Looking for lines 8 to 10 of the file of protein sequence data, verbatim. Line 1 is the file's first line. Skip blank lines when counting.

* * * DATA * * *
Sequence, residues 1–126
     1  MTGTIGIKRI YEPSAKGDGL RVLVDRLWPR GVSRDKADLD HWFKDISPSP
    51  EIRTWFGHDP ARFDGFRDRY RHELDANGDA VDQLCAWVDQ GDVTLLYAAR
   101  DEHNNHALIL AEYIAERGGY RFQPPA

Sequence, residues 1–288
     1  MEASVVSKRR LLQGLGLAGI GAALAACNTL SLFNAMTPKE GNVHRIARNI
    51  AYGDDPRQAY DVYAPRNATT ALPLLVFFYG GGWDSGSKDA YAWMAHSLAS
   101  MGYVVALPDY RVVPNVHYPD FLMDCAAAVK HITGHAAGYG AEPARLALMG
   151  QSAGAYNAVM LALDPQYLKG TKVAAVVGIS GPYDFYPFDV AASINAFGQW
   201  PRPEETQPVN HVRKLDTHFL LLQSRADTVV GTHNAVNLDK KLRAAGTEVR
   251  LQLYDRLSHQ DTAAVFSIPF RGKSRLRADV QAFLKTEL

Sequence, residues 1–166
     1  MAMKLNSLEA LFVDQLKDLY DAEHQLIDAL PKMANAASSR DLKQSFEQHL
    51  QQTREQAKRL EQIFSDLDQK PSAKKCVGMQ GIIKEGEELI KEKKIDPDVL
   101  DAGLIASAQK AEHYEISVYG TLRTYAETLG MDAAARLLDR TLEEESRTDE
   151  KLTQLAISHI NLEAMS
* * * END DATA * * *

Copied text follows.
   101  MGYVVALPDY RVVPNVHYPD FLMDCAAAVK HITGHAAGYG AEPARLALMG
   151  QSAGAYNAVM LALDPQYLKG TKVAAVVGIS GPYDFYPFDV AASINAFGQW
   201  PRPEETQPVN HVRKLDTHFL LLQSRADTVV GTHNAVNLDK KLRAAGTEVR